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Podcast 042 - Intentional community part 2

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Credit: Kevin Murphy

Paul visited a few of other people's podcasts about permaculture and was impressed with how professional they were. Paul liked Carol Steinfelds podcast in particular regarding composting toilets.

Jocelyn mentions that Paul's podcasts are more conversational. Paul discusses how his podcasts are going out daily and videos every other day and how there is not enough time in a day. Paul knows the three ethics but the 12 principles are not something he has memorized. Paul started doing podcasts because a bunch of people(about 25), begged him to do it. Now Paul wants to share what is in his head with other people. Paul feels that if he can get the information out then other people will take it and run with it. Paul believes that for as much he knows there is tons that he does not know. Jocelyn discusses how permaculture is a solution based system. There was five or so core ideas that Paul started with. Now that list has grown. Jocelyn does not foresee and end to Paul searching for more knowledge and understanding.

The topic of today's podcast is on community. Paul reviews the list of items related to community. Some people made suggestions to Paul about many of the things he does such as less background noise in the podcasts but Jocelyn and Paul agree that staging this would be less natural. Paul likes the idea of function stacking. Keeping things simple keeps costs lower and it is more natural to Paul and Jocelyn.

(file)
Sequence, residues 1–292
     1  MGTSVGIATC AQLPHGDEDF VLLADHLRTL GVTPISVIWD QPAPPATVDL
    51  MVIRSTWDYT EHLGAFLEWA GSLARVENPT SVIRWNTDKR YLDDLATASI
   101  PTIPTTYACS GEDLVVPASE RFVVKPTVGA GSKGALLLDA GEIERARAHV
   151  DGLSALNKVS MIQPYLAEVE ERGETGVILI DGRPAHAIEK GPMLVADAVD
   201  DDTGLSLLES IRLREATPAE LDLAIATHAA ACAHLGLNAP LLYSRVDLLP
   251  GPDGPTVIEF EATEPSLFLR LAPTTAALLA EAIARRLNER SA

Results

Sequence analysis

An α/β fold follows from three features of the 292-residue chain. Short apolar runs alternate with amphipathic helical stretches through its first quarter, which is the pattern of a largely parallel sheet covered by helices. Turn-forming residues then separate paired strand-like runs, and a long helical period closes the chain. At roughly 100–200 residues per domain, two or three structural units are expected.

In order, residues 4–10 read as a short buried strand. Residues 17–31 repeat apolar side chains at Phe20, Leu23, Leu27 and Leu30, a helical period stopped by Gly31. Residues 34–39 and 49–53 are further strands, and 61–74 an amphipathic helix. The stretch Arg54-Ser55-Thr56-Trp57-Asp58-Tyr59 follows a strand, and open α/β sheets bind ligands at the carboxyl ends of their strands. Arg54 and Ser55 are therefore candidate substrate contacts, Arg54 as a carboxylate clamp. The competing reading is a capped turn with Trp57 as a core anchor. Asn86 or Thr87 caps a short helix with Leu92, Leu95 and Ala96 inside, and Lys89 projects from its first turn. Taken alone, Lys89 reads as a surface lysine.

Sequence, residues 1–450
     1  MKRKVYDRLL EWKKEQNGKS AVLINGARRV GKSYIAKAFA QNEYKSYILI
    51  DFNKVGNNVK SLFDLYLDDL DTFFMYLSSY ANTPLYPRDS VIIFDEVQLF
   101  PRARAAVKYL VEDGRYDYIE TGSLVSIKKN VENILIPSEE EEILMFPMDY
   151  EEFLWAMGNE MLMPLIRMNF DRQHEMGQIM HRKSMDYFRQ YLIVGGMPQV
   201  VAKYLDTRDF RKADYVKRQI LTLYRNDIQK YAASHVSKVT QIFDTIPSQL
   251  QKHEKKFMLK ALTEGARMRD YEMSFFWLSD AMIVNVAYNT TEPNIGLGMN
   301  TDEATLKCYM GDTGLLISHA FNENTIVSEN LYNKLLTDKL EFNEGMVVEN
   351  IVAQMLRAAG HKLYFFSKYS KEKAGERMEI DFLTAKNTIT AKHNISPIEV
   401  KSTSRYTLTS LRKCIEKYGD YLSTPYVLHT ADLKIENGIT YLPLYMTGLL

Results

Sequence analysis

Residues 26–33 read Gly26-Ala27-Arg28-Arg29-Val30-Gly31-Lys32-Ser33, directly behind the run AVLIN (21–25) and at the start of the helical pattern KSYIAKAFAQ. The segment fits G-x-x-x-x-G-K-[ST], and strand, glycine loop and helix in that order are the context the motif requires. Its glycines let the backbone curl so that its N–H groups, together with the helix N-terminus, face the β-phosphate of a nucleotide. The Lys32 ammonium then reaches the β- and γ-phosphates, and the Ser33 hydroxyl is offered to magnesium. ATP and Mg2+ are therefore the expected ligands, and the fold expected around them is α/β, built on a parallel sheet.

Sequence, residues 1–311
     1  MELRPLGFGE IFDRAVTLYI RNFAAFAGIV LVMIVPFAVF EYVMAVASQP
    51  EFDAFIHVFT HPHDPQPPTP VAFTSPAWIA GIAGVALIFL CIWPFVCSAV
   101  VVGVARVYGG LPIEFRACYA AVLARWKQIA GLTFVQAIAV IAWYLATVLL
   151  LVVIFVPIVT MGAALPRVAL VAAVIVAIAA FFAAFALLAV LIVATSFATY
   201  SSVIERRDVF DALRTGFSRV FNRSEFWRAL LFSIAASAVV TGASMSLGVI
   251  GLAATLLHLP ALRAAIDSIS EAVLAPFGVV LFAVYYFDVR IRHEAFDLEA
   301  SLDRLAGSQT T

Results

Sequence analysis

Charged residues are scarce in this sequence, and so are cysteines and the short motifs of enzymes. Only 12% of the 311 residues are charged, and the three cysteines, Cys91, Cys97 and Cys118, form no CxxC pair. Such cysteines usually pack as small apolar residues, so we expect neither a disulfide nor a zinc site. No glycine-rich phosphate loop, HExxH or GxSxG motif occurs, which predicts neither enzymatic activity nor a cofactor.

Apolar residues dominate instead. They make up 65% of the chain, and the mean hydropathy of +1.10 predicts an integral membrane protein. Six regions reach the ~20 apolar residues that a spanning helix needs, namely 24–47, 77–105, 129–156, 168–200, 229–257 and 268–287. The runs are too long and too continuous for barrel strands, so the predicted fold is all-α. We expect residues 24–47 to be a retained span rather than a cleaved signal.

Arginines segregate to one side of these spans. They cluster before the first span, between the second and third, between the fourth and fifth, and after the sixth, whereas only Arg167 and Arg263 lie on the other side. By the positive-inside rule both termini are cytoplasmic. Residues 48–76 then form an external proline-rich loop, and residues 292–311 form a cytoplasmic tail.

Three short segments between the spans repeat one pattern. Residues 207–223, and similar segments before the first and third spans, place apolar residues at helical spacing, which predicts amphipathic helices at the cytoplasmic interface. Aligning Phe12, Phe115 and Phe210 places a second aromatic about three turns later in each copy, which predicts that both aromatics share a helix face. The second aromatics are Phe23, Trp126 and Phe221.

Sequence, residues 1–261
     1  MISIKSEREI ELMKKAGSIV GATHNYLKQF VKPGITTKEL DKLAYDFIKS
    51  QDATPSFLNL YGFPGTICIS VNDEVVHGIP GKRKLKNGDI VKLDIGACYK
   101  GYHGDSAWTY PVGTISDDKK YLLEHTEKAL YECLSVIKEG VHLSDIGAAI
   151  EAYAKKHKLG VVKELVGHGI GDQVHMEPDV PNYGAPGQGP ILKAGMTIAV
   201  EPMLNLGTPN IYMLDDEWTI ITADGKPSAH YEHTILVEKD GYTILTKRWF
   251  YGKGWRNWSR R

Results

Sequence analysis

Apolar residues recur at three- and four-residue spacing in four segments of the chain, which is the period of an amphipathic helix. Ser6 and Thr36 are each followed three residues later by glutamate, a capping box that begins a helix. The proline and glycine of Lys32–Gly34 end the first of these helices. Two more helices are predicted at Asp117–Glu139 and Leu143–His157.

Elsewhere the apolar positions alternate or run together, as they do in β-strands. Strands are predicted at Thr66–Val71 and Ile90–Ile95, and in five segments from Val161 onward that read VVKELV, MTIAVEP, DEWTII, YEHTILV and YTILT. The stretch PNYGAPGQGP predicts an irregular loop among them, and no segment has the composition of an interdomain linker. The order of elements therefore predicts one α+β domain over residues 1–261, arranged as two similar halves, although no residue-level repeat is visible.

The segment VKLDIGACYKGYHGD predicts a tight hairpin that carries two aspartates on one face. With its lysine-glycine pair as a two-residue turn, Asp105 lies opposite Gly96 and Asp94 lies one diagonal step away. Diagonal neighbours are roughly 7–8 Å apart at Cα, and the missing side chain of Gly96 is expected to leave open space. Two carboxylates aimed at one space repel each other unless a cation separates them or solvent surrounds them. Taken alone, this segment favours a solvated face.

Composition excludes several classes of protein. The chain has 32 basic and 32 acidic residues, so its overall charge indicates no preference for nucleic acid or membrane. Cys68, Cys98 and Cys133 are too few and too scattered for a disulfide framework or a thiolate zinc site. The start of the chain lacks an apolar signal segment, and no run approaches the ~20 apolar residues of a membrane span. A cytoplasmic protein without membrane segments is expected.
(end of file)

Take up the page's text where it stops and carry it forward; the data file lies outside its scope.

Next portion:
There are about 1000 people downloading the podcast at this time. Paul mentions a community in Italy where 900 people live. Each house holds 20 people. Everyone's day is scheduled and you get 8 hours sleep. This is a community of Artists called Dolimar. Paul thinks that if artists can get along most other people should get along. This community includes meditation time as part of the schedule. Paul mentions that in smaller numbers there are always problems. With 20 people there are 190 relationships. This community does not use consensus. This community elects a head of household. You can select a different household if you do not like the people you are around. There is also a spiritual component to this community. Jocelyn discusses how relationships impact a community.

Paul mentions his hybrid document which he posted at rich soil.com. This document explains how consensus is useful at Java ranch. Paul wrote this back in 2004. If a consensus can not be reached then the tyrant dictator (Paul) steps in to resolve the problem. Paul learned that the sooner he steps in when things get heated the better. Paul believes this is a pretty good model even though it is an online community only. Jocelyn mentions John Gottman's work and how he can identify successful marriages just by the way the couples talk to each other.

Jocelyn explains how Paul stepping in is very good at Java Ranch. Jocelyn has two farms that she wants to use as examples. Paul does think that the tyrant hybrid is the best model. This is a fiefdom type model. Lost Valley is moving away from a consensus model. Paul brings up Alpha farm. They are located in Oregon. Paul paid them a visit and spent a few hours there. This community has existed for about thirty years. Paul asked many questions about their consensus model. Everyone there has to work. Paul asked how consensus works. The question is discussed amongst everyone. But they all wait and do whatever the head woman says. They trust and respect her decision based on trust. Paul visited with Diana and discussed this. Diana said that if Paul met this woman she is very regal and well spoken. Diana challenged Paul to try and argue with this woman and how he will not be able to do it.